progress 70000
progress 80000
progress 90000
all good after 100000 iterations

Side note, this last test also takes a hell of a lot longer since the array lookup is searching for a long string of numbers rather than finding a number in output.

How was FunkyVector made?

This post was originally written in 2016ish but never published… pressing publish now!

The basic concept was simple. The complexities were intense.

Standardised experiments

On 18 Dec 2014 I decided to publish a bunch of experimental graphics. I have been doing computer graphics in various forms for 25 years, but most usable code is made after circa 2005. There are various reasons to make code open source, in this case it was the attempt to maintain a level of professionalism that public facing code demands. In doing so, a standardised approach was needed, something rarely found in anything experimental. Hopefully I would comment crazy stuff and credit lifted stuff (many snippets have been ported, many one liners are copy+paste).

The first step was to create a structure for the existing generative graphics to adhere to and in doing so common interface for them to expose. An ongoing work in progress, the code is currently haphazard at best, but it used to be a disaster. Some common problems (often found elsewhere) were abstracted into modules like dom (that works in node too), colours (get/set palettes, get/mix colours), geom (line intersections), etc. Basically trying to reduce the reinventing the wheel. Ever had to draw a circle in canvas? I don’t know how many times I have typed something similar to this:

var circleRads = Math.PI * 2;
ctx.drawCircle = function(x, y, r) {
  ctx.arc(x, y, r, 0, circleRads, false);

FunkyVector was made as an extension of these experiments so the actual art that FunkyVector uses is still open source; each art piece is simply an experiment that exposes a set of properties. The experiments are loaded by FunkyVector which harnesses their algorithms and displays them in a handy user interface for exposure.

Reproducing on demand

To make a randomly generated graphic reproducible a seeded random implementation was required. Given any random input (originally integer, now optionally alphanumeric) an experiment would produce the exact same results at any resolution. Although a seeded random wasn’t entirely new to me, as is often the case, the real world application of one was!

Out of the box, most experiments flourished with the newly introduced random engine, but very soon into the project some abnormalities surfaced. Computer programs are predictable, and what seemed like strange errors at first would always turn out to be human error: forgetting to reset the random seed or allowing an extra call to the native random() to accidentally slip in, or leaving time based calculations in place. However after fixing these bugs, in some experiments the graphics would sometimes not play fair. After much investigation it turned out to be rounding errors. The winning solution was to adopt a similar approach to WebGL (et al.) fragment shaders in using a domain from zero to one for coordinates: all maths was calculated within the domain of 0 tp 1, and only on the final pass where pixels are actually rendered was values scaled to canvas size.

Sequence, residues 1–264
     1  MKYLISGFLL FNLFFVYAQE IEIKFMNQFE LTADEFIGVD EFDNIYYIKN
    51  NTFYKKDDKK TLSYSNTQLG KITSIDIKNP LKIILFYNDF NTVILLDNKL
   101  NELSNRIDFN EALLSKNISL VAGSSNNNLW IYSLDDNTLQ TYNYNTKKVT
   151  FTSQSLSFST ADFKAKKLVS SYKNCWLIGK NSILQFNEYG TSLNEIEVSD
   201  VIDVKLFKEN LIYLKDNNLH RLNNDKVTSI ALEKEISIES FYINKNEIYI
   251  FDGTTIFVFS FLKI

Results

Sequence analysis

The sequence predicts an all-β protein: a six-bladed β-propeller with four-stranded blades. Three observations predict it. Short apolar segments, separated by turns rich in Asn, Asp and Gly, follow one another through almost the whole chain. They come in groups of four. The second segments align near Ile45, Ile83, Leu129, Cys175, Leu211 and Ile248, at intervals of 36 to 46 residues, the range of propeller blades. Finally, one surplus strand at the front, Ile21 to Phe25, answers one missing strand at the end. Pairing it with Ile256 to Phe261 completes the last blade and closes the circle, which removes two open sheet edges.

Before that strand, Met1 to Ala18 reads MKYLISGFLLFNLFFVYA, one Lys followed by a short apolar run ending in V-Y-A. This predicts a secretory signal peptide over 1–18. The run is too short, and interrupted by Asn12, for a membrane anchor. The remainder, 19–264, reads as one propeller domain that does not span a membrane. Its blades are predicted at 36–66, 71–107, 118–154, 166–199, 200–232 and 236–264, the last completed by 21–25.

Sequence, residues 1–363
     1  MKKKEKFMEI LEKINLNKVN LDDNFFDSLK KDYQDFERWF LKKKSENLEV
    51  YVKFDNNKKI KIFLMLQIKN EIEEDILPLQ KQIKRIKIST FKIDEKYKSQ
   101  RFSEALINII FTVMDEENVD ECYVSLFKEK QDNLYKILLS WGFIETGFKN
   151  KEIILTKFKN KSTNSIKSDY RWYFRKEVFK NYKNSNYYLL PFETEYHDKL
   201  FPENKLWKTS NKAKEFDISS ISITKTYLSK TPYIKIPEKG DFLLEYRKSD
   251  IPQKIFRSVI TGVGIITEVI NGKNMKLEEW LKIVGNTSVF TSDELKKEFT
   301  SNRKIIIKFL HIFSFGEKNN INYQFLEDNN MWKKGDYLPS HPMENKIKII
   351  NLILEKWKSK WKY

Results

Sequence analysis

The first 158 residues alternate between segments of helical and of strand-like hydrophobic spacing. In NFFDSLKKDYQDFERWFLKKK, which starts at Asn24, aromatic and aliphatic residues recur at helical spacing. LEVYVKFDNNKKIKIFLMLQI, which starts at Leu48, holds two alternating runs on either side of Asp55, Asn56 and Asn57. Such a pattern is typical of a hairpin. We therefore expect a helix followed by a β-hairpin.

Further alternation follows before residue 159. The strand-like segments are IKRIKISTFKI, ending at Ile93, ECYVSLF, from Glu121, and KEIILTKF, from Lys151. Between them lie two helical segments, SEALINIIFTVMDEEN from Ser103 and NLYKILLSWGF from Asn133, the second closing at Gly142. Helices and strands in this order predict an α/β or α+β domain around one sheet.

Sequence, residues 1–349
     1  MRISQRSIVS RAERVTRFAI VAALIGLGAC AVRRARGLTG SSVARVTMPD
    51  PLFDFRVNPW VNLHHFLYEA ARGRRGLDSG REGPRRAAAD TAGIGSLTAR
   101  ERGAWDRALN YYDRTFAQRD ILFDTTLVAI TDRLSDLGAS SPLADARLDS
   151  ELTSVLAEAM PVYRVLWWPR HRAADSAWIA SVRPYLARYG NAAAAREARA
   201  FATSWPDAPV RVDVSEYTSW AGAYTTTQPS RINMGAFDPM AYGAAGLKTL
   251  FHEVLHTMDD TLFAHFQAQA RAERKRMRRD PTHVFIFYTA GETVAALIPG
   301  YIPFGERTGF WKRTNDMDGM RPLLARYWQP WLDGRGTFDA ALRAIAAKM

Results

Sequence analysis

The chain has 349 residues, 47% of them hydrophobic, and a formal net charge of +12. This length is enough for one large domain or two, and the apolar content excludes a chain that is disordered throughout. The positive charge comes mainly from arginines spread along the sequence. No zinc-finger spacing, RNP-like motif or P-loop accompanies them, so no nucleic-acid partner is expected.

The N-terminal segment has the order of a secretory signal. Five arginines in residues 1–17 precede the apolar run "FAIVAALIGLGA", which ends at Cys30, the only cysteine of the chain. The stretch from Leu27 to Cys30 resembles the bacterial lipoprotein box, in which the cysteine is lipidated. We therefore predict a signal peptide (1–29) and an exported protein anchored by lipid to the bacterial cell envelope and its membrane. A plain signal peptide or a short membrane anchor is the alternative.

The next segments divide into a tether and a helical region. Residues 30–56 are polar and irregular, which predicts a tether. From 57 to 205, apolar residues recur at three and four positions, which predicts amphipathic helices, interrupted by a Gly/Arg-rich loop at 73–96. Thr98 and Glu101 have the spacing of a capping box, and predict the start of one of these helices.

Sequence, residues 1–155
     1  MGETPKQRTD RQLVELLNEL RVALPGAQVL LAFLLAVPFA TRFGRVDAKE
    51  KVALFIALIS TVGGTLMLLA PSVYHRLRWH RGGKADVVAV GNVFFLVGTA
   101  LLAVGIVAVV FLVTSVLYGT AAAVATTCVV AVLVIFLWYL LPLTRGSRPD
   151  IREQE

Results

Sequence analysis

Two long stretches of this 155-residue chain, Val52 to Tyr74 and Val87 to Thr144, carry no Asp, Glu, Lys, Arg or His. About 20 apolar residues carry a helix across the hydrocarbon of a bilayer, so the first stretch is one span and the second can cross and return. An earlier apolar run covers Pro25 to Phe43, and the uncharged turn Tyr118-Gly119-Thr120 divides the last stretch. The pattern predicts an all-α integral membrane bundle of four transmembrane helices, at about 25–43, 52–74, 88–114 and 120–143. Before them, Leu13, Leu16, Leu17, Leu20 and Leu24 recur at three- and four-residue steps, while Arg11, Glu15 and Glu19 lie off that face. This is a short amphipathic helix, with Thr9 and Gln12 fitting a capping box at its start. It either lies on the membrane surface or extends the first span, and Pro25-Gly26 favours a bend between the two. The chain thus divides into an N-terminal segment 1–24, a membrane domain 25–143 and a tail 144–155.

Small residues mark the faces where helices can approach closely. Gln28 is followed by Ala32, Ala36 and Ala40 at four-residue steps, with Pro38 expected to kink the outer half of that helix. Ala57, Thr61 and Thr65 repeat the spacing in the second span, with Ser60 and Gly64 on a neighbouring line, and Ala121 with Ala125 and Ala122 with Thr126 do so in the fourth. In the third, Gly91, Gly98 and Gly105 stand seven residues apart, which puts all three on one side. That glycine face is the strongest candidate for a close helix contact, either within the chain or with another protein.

The first major problem was solved.

Rendering in the browser.

Never an innovator, rarely an early adopter, I like to use things that are at least somewhat established. Not so with canvas, I was on that shit like my mum’s nipple (footnote to having a child) . The vast majority of the experiments were done using canvas’s 2d context. I use canvas all the time, I have loved this concept since flash BitmapData days. This part was easy, and well documented.

Rendering on the server was not so easy.

Thanks to the cool folks it was possible though (respect to nodecanvas contributors). Node canvas is an implementation of canvas that runs in node built on Cairo (follow the rabbit hole). The api is identical to the Dom canvas, and since it runs in node one can make a canvas on a remote server, save it to disk or whatever you like. There is no window, document

The hard part was getting it running on a server, with the fun installation hurdles, and hooking up the application go renser these images oj demand. There still is lots of room for improvement within this code: concurrent rendering? Hah, nice one. Definitely achievable if there was a need for it, but not trivial.

What else?

Things I never wrote about ūüôĀ

Webgl Rendering

Vector Bot

Backwards compatibility

Making it work on fucking phones

stripe + printful

print dimensions

print api

Recursive Polygon

New work in progress: “Recursive Polygon”. Also a working title, but they usually stick.

With generative graphics there is a moment that confirms the idea has some legs.

Most ideas actually never reach this moment. As the algorithm grows from dreamed visuals through to realised code, and the blurry region between, in early stages an algorithm often shares little similarity with the vision in the mind’s eye. A careful balance between persistence and vision is needed; persistence is needed to push through early failures and vision to realise when the idea or the particular approach is actually a lost cause.